By Ricardo Romo
Latinos live in significant numbers in four states hard hit by the Covid-19 Pandemic: California, Texas, New York, and Florida. It is already evident that the Covid-19 health crisis is changing the way we live, work, and learn, as well as the ways we interact with others. Because Latino families have a lower family income and higher poverty rates than most Americans, their situation is precarious when it relates to job losses, homework via the web, and access to health care.
While fast becoming the most serious health crisis of our lifetime, it is too early to say how much longer this health and economic crisis will last and how much pain it will inflict on our citizens. We do not know the long-term impact on education in our communities. In this essay I will address several pressing issues for San Antonio Latino families and children.
The Digital Divide
Jordana Barton, a Latina working in the area of Community Development for the Federal Reserve Bank of Dallas, sent me a presentation she made to local schools in San Antonio on March 24. Barton and I have been friends for 25 years and I was pleased to see her engaged in educating Texas about the learning obstacles arising from the Covid-19 Pandemic.
I was especially struck by her analysis of what she described as the “homework gap.” Her study looked at the San Antonio Independent School District (which covers parts of the Westside, Central, Eastside, and Southside neighborhoods) and found that “60 percent of high school students do not have access to the internet at home.”
The Rivard Report of San Antonio recently noted that in the wealthier suburbs of San Antonio, access to the internet at home was nearly 90 percent. Students in the
inner city do not fare as well. According to Barton, at Lanier High School, a school with nearly 100 percent Latino students, more than “75 percent of students were
without [digital] access.”
Saving Lives and a Silver Lining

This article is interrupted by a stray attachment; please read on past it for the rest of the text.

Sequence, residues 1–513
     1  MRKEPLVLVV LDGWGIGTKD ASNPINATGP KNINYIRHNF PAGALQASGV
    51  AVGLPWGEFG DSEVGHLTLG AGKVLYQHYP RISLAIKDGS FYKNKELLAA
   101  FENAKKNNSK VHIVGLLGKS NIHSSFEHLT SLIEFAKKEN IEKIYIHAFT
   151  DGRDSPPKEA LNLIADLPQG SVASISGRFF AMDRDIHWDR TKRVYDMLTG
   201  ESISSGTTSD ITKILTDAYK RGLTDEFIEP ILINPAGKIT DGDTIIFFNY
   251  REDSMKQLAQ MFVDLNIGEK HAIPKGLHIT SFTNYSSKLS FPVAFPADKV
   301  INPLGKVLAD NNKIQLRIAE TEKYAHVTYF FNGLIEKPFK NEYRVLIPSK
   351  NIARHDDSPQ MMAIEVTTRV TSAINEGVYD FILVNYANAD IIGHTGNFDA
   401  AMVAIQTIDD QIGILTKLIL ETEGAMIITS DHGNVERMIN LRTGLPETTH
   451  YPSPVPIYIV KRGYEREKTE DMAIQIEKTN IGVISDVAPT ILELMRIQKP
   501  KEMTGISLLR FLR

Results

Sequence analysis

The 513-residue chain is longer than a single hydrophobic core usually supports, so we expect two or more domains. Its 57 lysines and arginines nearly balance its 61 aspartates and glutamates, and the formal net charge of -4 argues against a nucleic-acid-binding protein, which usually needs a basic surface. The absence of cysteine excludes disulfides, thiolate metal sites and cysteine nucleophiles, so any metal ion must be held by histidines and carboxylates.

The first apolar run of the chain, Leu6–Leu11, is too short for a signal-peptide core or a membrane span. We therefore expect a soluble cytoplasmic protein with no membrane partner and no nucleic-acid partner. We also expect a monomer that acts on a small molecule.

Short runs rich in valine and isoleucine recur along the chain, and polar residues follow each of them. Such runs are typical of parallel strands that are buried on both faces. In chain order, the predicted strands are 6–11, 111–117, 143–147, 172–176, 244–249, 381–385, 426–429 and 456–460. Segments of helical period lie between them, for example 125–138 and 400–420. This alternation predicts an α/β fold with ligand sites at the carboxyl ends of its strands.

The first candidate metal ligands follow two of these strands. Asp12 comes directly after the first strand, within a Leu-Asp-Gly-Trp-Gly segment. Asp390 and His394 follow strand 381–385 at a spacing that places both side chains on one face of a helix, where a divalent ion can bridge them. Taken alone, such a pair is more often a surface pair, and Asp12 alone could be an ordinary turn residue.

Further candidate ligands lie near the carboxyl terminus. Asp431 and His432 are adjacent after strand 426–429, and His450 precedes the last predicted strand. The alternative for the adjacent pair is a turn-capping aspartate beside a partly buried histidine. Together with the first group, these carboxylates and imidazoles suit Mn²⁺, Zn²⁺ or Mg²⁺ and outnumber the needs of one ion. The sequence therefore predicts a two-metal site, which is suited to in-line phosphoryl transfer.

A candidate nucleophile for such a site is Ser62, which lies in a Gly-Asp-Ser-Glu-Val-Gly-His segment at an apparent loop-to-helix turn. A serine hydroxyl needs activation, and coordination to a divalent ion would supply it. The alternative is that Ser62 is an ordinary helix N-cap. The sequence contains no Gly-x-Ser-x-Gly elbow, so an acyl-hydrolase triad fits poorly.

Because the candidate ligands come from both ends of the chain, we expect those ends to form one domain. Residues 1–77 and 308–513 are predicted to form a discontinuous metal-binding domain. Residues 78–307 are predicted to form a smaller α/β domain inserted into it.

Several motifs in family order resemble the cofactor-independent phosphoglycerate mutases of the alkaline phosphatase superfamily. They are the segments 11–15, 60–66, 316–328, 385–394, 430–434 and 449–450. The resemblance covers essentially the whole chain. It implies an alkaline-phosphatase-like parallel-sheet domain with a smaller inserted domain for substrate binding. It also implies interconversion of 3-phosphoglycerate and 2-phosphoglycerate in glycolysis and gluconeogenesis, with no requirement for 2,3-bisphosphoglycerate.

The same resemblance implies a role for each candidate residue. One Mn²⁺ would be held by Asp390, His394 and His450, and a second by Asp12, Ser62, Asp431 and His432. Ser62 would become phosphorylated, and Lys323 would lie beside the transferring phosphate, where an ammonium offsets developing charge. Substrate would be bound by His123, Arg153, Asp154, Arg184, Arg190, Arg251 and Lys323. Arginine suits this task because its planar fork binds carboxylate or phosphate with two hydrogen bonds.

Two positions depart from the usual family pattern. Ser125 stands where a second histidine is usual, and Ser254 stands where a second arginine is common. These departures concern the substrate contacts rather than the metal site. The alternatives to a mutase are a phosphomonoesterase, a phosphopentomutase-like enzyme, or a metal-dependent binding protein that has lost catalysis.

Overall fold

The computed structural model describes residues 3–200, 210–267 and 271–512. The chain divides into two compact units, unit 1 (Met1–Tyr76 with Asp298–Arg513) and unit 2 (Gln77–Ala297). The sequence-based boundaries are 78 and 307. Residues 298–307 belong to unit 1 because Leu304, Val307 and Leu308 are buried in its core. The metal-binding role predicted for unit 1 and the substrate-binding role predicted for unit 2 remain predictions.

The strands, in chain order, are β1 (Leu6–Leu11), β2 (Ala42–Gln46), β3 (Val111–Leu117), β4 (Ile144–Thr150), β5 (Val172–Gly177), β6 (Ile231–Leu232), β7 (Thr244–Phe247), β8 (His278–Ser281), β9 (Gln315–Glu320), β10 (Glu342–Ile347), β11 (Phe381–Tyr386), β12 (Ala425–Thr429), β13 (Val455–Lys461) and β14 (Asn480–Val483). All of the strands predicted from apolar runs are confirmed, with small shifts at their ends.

The field of medicine and science may well represent a bright side of the Covid-19 Pandemic. As a result of this Pandemic, perhaps we will see greater interest in science and research in the coming decade.
The United States has a $600 billion dollar higher education system that produces some of the best professionals in the world. The medical profession, which has long been protecting its fields by regulating the number of physicians in America, must take a different and bold approach. The world needs more medical professionals, and now is the time to strike for greater production and training of Latinos in the medical field.
The American Medical Association (AMA) controls the number of doctors that are trained and the number of medical residencies allocated to each state. They must hear from our leaders that we need more scientists, doctors, nurses and physician assistants who save lives as the Pandemic hits our city.
San Antonio has an excellent medical school at the UT Health Science Center (UTHSC). The Center also trains hundreds of nurses, dentists, and health professionals. Two other areas where Latinos live in significant numbers– the Rio Grande Valley and El Paso, Texas– also have excellent medical programs.
Psychologists tell us that often humans in distress look for a bright side to a misfortune they face. In times of this Pandemic, the world needs more compassion, civility, and adherence to reasonable rules that make us safe. Everyday we are being tested. If scientists and doctors recommend that we keep safe distances and spaces
between us, we should obey.
The State can recommend, but cannot enforce, that we wash our hands frequently. When the quarantine is over we can return to normal social activities such as attending sporting events, visiting museums, and riding the subway or trains in New York and Washington DC. We all miss visiting with friends and family, going out to restaurants, and public events, but the COVID-19 virus knows no boundaries or limits and is devastating families and communities.
This is indeed a war and unfortunately, it is a war in which we found ourselves ill prepared to fight. Now we must each do all we can to keep one another safe. This crisis should also make us all activists to decrease the digital divide, assure that our public schools come out of this crisis stronger than ever, help small businesses rebound, and find ways to provide access to healthcare for everyone.